electricity supply) that makes the refrigerator work without violating the Second Law of Thermodynamics. Any refrigerator takes in energy from the region to be cooled (or kept cold) and deposits heat energy into some region outside of the refrigerator, such as your kitchen. In order to work there has to be some work done by the compressor and its electric motor. Using the First Law of Thermodynamics we can write QC - QH = -W (Note: since work in done one the refrigerator by another device, the compressor, rather than by the refrigerator itself, according to the sign convention which is part of the first law, the work done is negative.) Suppose that 2.4 MJ of work is used to remove 5.2 MJ of heat from the inside of the refrigerator, then an amount of heat QH = QC + W = 5.2 MJ + 2.4 MJ = 7.6 MJ must be added to the kitchen. Air Conditioners. With the same concept as the principles in refrigerators, ir conditioners make us of special liquids which absorb heat as they change from a liquid to a gas and release the heat again as they change from a gas to a liquid. COLD region = house HOT region = outside HEAT PUMP = evaporator, compressor, condenser and liquid

MULTIPLE CHOICE QUESTIONS 1. If two objects are in thermal equilibrium with each other: A. they cannot be moving B. they cannot be undergoing an elastic collision C. they cannot have different pressures D. they cannot be at different temperatures E. they cannot be falling in Earths gravitational field 2. The zeroth law of thermodynamics allows us to define: A. work B. pressure C. temperature D. thermal equilibrium E. internal energy 3. A constant-volume gas thermometer is used to measure the temperature of an object. When the thermometer is in contact with water at its triple point (273.16 K) the pressure in the thermometer is 8.500 104 Pa. When it is in contact with the object the pressure is 9.650 104 Pa. The temperature of the object is: A. 37.0K B. 241K C. 310K D. 314K E. 2020K 4. Heat has the same units as: A. temperature B. work C. energy/time D. heat capacity E. energy/volume 5. An ideal gas expands into a vacuum in a rigid vessel. As a result there is: A. a change in entropy B. an increase of pressure C. a change in temperature D. a decrease of internal energy E. a change in phase PROBLEMS. 1. If warm air rises, why is the temperature at the top of the mountains lower than down below? Answer: It is true that warm air rises, but as it gradually rises, it becomes thinner and expands, which possesses a cooling effect. On the high mountain ranges, the surrounding atmospheric air is very thin: so that there is also not much surrounding air to hold the heat in when the sun does warm the mountain, and much of the warming effect escapes.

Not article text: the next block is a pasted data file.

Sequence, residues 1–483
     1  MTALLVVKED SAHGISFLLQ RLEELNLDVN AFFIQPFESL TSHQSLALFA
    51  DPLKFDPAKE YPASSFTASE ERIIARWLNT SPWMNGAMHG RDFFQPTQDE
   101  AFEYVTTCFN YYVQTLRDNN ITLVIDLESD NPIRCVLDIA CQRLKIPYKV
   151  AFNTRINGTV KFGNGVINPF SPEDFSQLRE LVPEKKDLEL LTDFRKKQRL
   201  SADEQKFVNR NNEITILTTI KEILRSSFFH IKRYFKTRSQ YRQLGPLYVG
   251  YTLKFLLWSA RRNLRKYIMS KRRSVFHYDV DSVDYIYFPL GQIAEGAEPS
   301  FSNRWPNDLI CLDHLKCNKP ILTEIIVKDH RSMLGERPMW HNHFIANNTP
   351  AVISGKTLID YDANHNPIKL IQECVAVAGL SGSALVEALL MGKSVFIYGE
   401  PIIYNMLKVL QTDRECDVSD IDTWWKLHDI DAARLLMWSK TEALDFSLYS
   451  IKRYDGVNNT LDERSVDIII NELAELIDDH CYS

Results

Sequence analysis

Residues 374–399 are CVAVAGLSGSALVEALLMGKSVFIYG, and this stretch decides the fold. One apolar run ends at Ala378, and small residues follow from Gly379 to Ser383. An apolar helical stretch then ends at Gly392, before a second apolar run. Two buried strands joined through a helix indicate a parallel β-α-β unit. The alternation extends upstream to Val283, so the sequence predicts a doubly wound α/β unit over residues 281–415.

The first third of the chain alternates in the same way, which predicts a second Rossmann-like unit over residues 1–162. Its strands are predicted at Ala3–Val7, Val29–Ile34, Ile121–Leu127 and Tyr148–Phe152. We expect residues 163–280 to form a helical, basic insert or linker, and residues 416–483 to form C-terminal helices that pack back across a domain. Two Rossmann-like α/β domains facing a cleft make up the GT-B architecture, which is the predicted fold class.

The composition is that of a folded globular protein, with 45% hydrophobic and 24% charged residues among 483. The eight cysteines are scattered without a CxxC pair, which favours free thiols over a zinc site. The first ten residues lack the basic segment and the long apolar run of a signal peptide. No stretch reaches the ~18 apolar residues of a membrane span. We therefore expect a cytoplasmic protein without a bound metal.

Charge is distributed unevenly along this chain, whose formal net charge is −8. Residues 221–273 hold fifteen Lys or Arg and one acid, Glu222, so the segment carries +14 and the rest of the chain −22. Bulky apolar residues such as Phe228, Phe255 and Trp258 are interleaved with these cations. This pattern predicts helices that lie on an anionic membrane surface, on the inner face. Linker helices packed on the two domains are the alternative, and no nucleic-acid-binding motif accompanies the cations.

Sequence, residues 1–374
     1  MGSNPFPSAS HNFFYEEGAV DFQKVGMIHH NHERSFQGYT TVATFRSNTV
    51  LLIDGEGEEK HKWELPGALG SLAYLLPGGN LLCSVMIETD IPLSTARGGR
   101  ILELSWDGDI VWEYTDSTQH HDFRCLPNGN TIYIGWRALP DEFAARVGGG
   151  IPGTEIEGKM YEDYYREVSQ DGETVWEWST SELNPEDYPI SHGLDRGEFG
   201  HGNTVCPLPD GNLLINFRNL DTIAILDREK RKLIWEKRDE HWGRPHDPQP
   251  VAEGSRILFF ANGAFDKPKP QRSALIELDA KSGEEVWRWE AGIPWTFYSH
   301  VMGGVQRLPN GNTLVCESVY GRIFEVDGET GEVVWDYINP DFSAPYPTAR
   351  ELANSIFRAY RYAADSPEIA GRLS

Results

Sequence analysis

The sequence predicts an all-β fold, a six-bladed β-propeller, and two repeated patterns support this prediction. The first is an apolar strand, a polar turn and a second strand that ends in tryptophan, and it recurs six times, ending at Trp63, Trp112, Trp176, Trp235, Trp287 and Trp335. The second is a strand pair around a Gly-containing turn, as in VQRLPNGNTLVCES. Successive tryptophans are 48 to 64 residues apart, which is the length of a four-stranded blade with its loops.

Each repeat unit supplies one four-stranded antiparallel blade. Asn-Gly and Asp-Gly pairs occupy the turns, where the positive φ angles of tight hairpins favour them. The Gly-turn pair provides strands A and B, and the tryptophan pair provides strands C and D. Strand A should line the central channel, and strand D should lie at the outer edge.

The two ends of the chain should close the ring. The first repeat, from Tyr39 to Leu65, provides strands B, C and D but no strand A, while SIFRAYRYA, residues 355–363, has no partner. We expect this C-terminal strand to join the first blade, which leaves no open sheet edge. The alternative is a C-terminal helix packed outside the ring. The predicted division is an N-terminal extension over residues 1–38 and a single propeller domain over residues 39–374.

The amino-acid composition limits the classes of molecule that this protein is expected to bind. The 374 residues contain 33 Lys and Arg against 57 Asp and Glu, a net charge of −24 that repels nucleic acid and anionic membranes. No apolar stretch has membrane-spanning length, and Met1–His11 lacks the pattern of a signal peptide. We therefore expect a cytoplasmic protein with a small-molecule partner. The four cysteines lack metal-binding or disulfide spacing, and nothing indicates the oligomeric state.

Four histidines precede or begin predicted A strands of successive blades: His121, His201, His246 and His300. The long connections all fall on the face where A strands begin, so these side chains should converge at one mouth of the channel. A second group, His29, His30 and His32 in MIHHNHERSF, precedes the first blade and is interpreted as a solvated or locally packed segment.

2. An engine takes in 9000 J and does 1700 J of work each cycle while operating at the temperatures 650C and 370 C. (a) What is the engines actual efficiency? (b) What is the maximum theoretical efficiency of this system? Given: Solution: